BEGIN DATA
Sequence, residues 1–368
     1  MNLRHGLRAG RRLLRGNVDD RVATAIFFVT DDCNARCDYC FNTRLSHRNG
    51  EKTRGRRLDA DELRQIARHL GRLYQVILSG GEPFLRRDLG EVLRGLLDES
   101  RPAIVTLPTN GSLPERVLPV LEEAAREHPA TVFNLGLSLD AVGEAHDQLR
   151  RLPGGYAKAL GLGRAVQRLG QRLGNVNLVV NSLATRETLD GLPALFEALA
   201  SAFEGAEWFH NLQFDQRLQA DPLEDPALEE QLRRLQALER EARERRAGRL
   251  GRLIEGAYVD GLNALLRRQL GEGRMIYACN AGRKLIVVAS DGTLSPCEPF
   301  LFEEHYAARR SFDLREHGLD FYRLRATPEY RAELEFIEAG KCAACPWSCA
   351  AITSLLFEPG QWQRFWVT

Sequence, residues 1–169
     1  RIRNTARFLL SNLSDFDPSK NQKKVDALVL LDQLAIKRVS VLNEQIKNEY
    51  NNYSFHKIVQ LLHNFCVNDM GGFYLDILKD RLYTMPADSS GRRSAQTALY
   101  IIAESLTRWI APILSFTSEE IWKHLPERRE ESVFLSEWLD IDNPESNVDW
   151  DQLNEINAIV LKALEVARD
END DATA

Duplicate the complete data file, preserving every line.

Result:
Sequence, residues 1–368
     1  MNLRHGLRAG RRLLRGNVDD RVATAIFFVT DDCNARCDYC FNTRLSHRNG
    51  EKTRGRRLDA DELRQIARHL GRLYQVILSG GEPFLRRDLG EVLRGLLDES
   101  RPAIVTLPTN GSLPERVLPV LEEAAREHPA TVFNLGLSLD AVGEAHDQLR
   151  RLPGGYAKAL GLGRAVQRLG QRLGNVNLVV NSLATRETLD GLPALFEALA
   201  SAFEGAEWFH NLQFDQRLQA DPLEDPALEE QLRRLQALER EARERRAGRL
   251  GRLIEGAYVD GLNALLRRQL GEGRMIYACN AGRKLIVVAS DGTLSPCEPF
   301  LFEEHYAARR SFDLREHGLD FYRLRATPEY RAELEFIEAG KCAACPWSCA
   351  AITSLLFEPG QWQRFWVT

Sequence, residues 1–169
     1  RIRNTARFLL SNLSDFDPSK NQKKVDALVL LDQLAIKRVS VLNEQIKNEY
    51  NNYSFHKIVQ LLHNFCVNDM GGFYLDILKD RLYTMPADSS GRRSAQTALY
   101  IIAESLTRWI APILSFTSEE IWKHLPERRE ESVFLSEWLD IDNPESNVDW
   151  DQLNEINAIV LKALEVARD